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The Arrow and the Grid

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pp. 149-156

Formalist analyses of comics often begin with an attempt to establish a comprehensive definition of comics by isolating a set of textual features that will constitute the irreducible essence of “comicsness.” Like parallel historical efforts to unearth an originary “first comic,” however, the search for some innate characteristics that will distinguish comics from other all visual and verbal forms has generated much more semantic quibbling ...

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The Construction of Space in Comics

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pp. 157-162

This chapter seeks to give a concise theoretical overview of the various types of “space” a reader encounters in a comic: diegetic space (the fictive space in which the characters live and act) versus extradiegetic space, visualized versus non-visualized space, etc. Furthermore the aim is to describe briefly how a flat medium can suggest a three-dimensional space and how readers (re)construct the diegetic space of a story. This approach ...

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The Acoustics of Manga

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pp. 163-171

Sound in comics is not a stylistic trait or a feature of a particular genre of comics, but is endemic to all comics due to the multimodal way words and pictures are formed and combined. Some comics exploit the dimensions of sound more effectively than others, and none is more effective than the Japanese manga. The reasons for the exuberant nature of sounds in Japanese manga are in part due to the features of the Japanese language ...

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pp. 173-175

Comics were born in the age of mass culture. Without modern printing technology and the distribution networks that allow for mass dissemination, comics as we know them would not exist. As an offshoot of mass culture, comics are a rich source for social analysis. Using comics for social analysis can take the form of looking at how comics portray issues of identity (including issues of race, nationality, generational location, and ...

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Ally Sloper: The First Comics Superstar?

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pp. 177-189

The extraordinary Ally Sloper appeared in British “funny papers” and comics between 1867 and 1916 and periodically thereafter.1 Today, few people have heard of him out-side of comics scholarship, but a century ago it is no exaggeration to say that his vis-ibility in U.K. popular culture would have been comparable to that of any blockbuster Hollywood creation. He was a Victorian hero—or anti-hero—and entered the public ...

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Jackie and the Problem of Romance

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pp. 190-206

On the U.K. alternative comedy show Saturday Live in 1987 a comedian stepped to the microphone. She launched into a series of jokes about how women are led to look at their own bodies, how terrified they can be about getting overweight. But of course, she laughed (and the audience laughed with her), we all know why—we all read Jackie, didn’t we? That explains everything. “Everyone knows” that magazines like Jackie, but ...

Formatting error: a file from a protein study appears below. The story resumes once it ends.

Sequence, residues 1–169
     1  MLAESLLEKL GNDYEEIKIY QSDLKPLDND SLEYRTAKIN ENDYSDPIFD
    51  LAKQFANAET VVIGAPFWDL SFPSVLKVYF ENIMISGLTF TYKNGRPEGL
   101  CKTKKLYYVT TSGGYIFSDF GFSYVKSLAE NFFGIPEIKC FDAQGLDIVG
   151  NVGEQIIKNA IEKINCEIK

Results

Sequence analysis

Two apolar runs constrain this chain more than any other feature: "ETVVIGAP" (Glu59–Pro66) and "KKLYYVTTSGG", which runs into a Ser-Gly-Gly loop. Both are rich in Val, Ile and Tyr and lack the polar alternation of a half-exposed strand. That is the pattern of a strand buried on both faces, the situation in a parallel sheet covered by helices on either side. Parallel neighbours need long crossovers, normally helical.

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Home Loving and Without Vices

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pp. 207-225

What is Mexico’s national culture? This question has been at the center of political and scholarly debate for most of the twentieth century. Indeed, beginning in the 1920s, it was the explicit project of at least some of Mexico’s leaders to create a modern national culture by supporting mass media and high culture, controlling education, constructing a revolutionary mythos, and intervening into aspects of everyday life from cuisine ...

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Autobiography as Authenticity

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pp. 226-235

A three-page short story by Lewis Trondheim published in Lapin #26 outlines the stakes at play in contemporary autobiographical comics. Trondheim’s autobiographical es-say, “Journal du journal du journal,” is a peculiar mise-en-abyme. Trondheim begins by depicting himself reading Fabrice Neaud’s autobiographical novel Journal (III) (1999). On that page, Neaud depicts himself reading Dupuy and Berberian’s autobiographical ...

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Manga versus Kibyōshi

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pp. 236-243

The kibyōshi and the manga share much in common. They certainly seem to be similar media, which is to say they bear certain resemblances in format, modes of production, and reception. In terms of the first of these, the kibyōshi and the modern manga are inherently visual-verbal narratives. Both employ a number of similar pictorial conventions, and both seem visually associated with other forms of culture by virtue of their role as ...